Mary Kelly: It was creating hallucinations. That could have morphed into all kinds of other things. There were some other behaviors that wound up happening, and we had to step in. But normal people during desperate times, sometimes resort to desperate things. This is where we, as leaders, really have to step up. Sometimes it is not intended to be criminal, but we have to be alert to any small changes in people around us so that we can be there to be supportive.
Traci Brown: I love that. I love that. That’s going to help everyone in the end. It really is. Mary, is there anything I haven’t asked you that is one final parting comment that just going to blow people away?
Mary Kelly: The economy is made up of our GDP which is our consumer expenditures, plus our business expenditures, plus government expenditures, plus our exports minus our imports. In a time of crisis, we’re all holed up in our house, our consumer expenditures have gone down. Our business investment has gone down. But our government expenditures are going up. Even as we speak, they’re trying to discuss how this is going to work. Our exports are going down. Our imports are going down, which means our GDP, our gross domestic product for the year is going down. If you are in a position to spend more money right now, do that. Go out and spend some money. Keep the economy humming. Don’t be afraid if you know you’ve got continued income to spend that money because in the end that’s going to help all of us. Continue to build your business. Continue to make smart decisions. Reach out to your friends. Support your friends. Let’s get through this together.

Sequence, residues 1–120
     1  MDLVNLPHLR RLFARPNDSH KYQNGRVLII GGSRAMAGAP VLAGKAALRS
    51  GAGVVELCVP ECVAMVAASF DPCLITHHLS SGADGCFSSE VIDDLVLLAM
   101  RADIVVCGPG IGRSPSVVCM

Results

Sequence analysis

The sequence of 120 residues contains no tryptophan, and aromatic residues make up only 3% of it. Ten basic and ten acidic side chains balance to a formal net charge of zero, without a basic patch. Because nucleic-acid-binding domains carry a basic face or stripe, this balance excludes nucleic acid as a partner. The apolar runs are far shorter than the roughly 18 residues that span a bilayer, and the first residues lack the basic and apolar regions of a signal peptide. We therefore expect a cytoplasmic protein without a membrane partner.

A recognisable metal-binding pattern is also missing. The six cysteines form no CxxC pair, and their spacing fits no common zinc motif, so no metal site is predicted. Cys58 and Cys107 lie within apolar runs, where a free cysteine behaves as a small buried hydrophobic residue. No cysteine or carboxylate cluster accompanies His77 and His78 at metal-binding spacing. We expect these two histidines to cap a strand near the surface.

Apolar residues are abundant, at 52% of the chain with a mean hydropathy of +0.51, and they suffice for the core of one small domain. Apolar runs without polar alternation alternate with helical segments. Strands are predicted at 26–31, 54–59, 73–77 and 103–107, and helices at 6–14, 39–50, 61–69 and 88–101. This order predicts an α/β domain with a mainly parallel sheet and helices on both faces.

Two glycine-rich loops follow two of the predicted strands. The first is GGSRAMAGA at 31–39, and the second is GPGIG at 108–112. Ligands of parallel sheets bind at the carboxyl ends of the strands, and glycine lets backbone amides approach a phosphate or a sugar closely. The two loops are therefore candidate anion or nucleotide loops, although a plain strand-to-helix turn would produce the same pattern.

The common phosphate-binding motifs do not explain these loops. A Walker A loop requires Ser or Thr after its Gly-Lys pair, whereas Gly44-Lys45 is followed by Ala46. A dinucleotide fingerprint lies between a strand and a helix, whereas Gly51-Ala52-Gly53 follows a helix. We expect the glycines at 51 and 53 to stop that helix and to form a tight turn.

Traci Brown: I love it. Mary, you are fantastic. Thank you so much. Again, it’s ProductiveLeaders.com/free to get all of Mary’s tools. She is an amazing resource. Make sure you reach out to her. She’s also a great speaker. When you need an economist who’s not boring, call Mary. Tell us about your latest release, the whole thing. How can people get it? What would it do for them? Give us the whole spiel.
Mary Kelly: On an economic level, we know that before this whole crisis happened about 10,000 baby boomers a day were retiring. Now with the stock market way down, a lot of those people are not retiring, but we are seeing more and more transitions. About a year and a half ago, Meridith Elliott Powell, who you also know, who’s also amazing . . .
Traci Brown: Love her!
Mary Kelly: She’s great. We got together and wrote this book called Who Comes Next? Leadership Succession Planning Made Easy. What’s exciting to me about this is, Traci, you know I love forms and checklists and templates and things like that.
Traci Brown: I know.
Mary Kelly: The book, Who Comes Next? is on Amazon, but we also put together a tools library. These are the actual tools that we use, the forms and everything like that. When we go into corporations and we work with their teams on creating a succession plan, those are the exact things we use. That is also available to folks. Right now, just for your people, if they decide they do want that book on Amazon, I will send them the e-version of the workbook for free. Just send me the receipt, and I will send you the e-version that retails for $30.00. I will send it to your folks for free.
Traci Brown: Oh, that’s super cool, a really good offer. Mary, you’ve got us just coming and going with everything we need to be doing here. Thank you again for joining us.
Mary Kelly: Hey, it’s my pleasure, Traci. You’re doing a great service for so many people. Let’s keep people fraud free.
Traci Brown: We will. We will.